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Capital Audiofest (CAF) 2023 Show Report -- CAF 2023 premium luxury audio event coverage.

Capital Audiofest 2023 Show Report / Chronicles Part 3
The 7th Floor Part A
Show Report By Rick Becker



Room 715 GTT Audio & Video
Bill Parish always greets people with a smile and for good reason at this show. He had an exceptionally fine-sounding room with deep blue Vivid Audio Giya G4s2 speakers ($34k) driven by a pair of MolaMola Perca stereo amps used in a vertical bi-amp mode. The MolaMola Makua line stage ($12,200) was fitted with a MolaMola internal DAC for an additional ($8,500). A Grimm Audio MU1 streamer ($12,500) was supplemented with a Dejitter It Switch X ($3,500) and WiFi X ($850).

Bill is good friends with Joe Kubala and has been using Kubala-Sosna cables (as have a lot of other presenters) since... forever. Sensation Series cables were used here with 2m speaker cables ($7,800), 1m interconnects ($6400, $1400 additional meter), and 2m power cords ($2350).



This was the U.S. Premiere of the MolaMola Perca stereo Class D amp ($9850 each) from the Netherlands.



The Giya Series 2 comes in four sizes. There is one larger and two smaller than the G4 heard here. All are four-way speakers with five drivers each with a side-firing woofer on each side. The G4, at 54" tall and narrow at the top, will play a lot louder than its apparent small size suggests. I've admired Vivid speakers since they first introduced the more affordable Oval series back in 2005 — probably in Montreal.




Room 716 ModWright Instruments
The rig here featured a mostly ModWright system to drive Acora Acoustics SRB monitors. The equipment rack was a Fern & Roby ($7500) made from solid walnut and steel. (I covered the Fern & Roby room on the 8th Floor.)



The top shelf featured a SOTA Cosmos Eclipse turntable ($10,500) with an SME V 9" tonearm ($5700) equipped with an Ortofon Windfeld Ti MC cartridge ($6k). To the right was a ModWright Ph9.0XT tube phono stage ($5250). The middle shelf featured (l to r) an LS 99 balanced tube preamp with an external power supply and tube rectification. The little box in the middle was a Weiss DAC 204 ($3495) and on the right was a ModWright Analog Bridge with XLR Balanced upgrade ($3900).

The bottom shelf held a KWA 99 monoblock on each end with power supplies for the preamp and phono stage in the middle.



Here's a closer look at the turntable and the PH9.0XT phono stage. The ‘X' upgrade includes balanced outputs and 6dB more gain for $1250. The ‘T' upgrade includes tube rectification and a higher voltage pre-regulation stage for $500. A further upgrade is with a better power umbilical cord using Cardas metals and a better design for $395. This cord is available from dealers as well as when ordering a new phono stage. Older PH9.0 units can have the X and T upgrades done at the factory in Washington state.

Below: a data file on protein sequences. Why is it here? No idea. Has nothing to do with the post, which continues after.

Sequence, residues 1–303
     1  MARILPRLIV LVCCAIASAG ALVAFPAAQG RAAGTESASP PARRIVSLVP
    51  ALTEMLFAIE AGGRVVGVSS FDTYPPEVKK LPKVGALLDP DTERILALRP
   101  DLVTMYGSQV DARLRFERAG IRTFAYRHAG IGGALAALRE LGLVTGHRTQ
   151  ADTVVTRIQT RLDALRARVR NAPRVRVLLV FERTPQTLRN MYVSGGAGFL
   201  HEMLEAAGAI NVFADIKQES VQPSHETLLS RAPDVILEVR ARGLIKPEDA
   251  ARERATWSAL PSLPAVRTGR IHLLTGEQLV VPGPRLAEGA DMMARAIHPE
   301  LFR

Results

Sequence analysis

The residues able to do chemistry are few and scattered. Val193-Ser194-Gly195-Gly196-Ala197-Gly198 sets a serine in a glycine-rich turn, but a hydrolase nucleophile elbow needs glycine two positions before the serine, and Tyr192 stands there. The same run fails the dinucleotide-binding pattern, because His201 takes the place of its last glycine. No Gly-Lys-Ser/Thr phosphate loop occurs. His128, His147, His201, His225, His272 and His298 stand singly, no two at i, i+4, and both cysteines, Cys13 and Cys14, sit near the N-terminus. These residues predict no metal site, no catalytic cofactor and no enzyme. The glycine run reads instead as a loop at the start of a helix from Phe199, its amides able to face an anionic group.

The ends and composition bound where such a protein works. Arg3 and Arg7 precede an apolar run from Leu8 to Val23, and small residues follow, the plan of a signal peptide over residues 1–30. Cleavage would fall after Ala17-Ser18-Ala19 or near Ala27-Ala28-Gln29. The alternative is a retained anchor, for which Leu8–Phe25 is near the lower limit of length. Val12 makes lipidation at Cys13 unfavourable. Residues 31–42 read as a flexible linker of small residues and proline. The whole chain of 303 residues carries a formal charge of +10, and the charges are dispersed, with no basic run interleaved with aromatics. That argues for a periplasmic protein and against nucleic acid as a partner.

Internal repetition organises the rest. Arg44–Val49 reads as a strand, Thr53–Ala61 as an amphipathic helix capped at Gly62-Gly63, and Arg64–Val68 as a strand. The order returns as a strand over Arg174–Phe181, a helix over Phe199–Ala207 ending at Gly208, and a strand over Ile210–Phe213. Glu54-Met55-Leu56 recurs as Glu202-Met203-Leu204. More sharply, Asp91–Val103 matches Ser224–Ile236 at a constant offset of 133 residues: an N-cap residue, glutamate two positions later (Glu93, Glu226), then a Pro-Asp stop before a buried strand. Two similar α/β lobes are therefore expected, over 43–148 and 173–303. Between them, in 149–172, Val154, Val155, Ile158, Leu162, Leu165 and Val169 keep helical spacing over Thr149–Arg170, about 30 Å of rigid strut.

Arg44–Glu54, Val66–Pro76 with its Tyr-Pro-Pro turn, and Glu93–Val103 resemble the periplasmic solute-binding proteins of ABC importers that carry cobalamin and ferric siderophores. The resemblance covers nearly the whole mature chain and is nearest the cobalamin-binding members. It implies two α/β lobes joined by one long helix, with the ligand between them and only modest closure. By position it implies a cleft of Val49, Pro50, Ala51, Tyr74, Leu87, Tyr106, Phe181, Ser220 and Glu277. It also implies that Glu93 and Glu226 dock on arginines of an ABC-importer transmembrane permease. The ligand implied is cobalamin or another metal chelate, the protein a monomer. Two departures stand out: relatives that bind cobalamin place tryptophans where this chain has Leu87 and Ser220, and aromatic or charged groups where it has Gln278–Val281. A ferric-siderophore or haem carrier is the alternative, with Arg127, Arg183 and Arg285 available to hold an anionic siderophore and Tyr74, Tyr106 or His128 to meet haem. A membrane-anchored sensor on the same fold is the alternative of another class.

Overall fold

The Acora Acoustics SRB monitor ($18k) is made with 2cm thick high-polish Black Granite and was mounted on an Acora SRS-M metal stand ($3125/pr) which features a polished granite base. It is said to be suitable for rooms of 60 to 220 square feet and it sounded very good in this room. The experience quelled any fantasy I might have been harboring about mating these monitors with subwoofers in my much larger room. This speaker is fine for smaller situations and it took a Best Rooms award a couple of years ago at the Montreal show in a room this size. But, as I've heard over the years, their floorstanders are so much better in larger rooms without the need for subs.




Suite 719 Robyatt Audio
Rob Wyatt was haranguing the crowd when I walked in... well, not really. It has been a while since I've heard the Quad ESL 2812X, a new version at $10k, which is $5k less than it used to be. That opens the door to a much larger crowd. Rob Wyatt said it is still made in China and he is one of two dealers in the USA.



The console here was a mid-century modern design that might well have been a collectible found at a garage sale. It certainly looked authentic. The turntable was a Gyro SE and the little box on top of the Java HiFi Double Shot integrated amp was a Miyajima Laboratory KSW MC step-up transformer .



The Miyajima Labs Carbon stereo phono cartridge used here, regularly $3k, was on a show special at $2750. Four other new cartridges and a demo special were also on sale .



Here's a look at the Finley Audio cable lifters in action — a modular, customizable design that I raved about at last year's show. Those may well have been Finley Audio cables in the rig, too. I hope those white power cords were for the lights.



Marin Bell, founder of Java HiFi in New Zealand, was quite proud of the Java HiFi Single Shot (~$9k) and Double Shot (~$13k) integrated amps he was premiering in a gorgeous mid-century modern style. The Single Shot shown here puts out 200 Wpc @ 8 Ohms with a GaNFET power amp stage. It features two line-level RCA inputs, a high-resolution DAC with USB input, an MM phono stage with RCA inputs, and Bluetooth aptX.

The ‘Double Shot' version puts out 400 Wpc and features four pairs of XLR inputs, a fixed and a variable XLR output, hi-rez DAC, MM phono stage with RCA inputs, Bluetooth again, headphone output, and a remote control for volume and source selection. The CNC-machined solid beech wood cabinet features real wood luxury veneers. Java also puts out separate preamp and power amps in similar styling. Very classy, for someone who abhors traditional box-shape hi-fi gear.

I sat through a Leonard Cohen song here and was moved by the music, making this an interesting and memorable stop.




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